This paper aims at analysing the relationship between anticipation and public administration based on a case study focusing on a specific public agency in charge of knowledge production for policymaking.
It is based on a case study methodology: anticipatory practices of a public organisation are critically assessed based on data that originates from public documents and from participant observation within the concerned agency.
Several dimensions impact the interrelation between anticipation and public administration. First, the organisational set-up is decisive in fostering the development of specific type of anticipatory activities. Second, it confirms a common finding that policymakers are oftentimes more interested in ready-to-use results than in processes of future thinking. And third, it shows that distinctive anticipatory practices can rely on very different networks and, therefore, have different degree of maturity.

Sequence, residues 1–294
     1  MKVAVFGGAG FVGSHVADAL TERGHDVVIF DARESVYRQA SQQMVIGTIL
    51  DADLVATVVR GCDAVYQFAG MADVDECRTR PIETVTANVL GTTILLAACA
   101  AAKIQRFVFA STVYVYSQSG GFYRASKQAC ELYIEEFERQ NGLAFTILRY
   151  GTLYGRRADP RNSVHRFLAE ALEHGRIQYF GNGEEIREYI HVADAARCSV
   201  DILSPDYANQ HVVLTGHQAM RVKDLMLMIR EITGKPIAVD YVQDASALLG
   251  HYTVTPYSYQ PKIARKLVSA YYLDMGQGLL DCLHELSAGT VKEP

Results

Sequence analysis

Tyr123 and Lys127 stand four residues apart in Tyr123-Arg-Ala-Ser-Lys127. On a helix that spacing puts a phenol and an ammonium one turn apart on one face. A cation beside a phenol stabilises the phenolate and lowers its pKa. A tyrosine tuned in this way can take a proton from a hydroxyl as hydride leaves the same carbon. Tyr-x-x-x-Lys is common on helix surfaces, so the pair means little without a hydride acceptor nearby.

The use of a case study, unfortunately, may lead to a lack of generalisability. The authors therefore encourage researchers to test their propositions further.
Nevertheless, the originality of the paper is its central focus on anticipation within public administration – a topic that has not received much attention or study by academics or researchers. Anticipatory practices have been studied at a more general level, but not necessarily in particular public sector environments, which also have their own particular constraints.
Petit Jean, M. and Brunet, S. (2017), "Does anticipation matter for public administration? The case of the Walloon Region (Belgium)", Foresight, Vol. 19 No. 3, pp. 280-290. https://doi.org/10.1108/FS-10-2016-0049Download as .RIS
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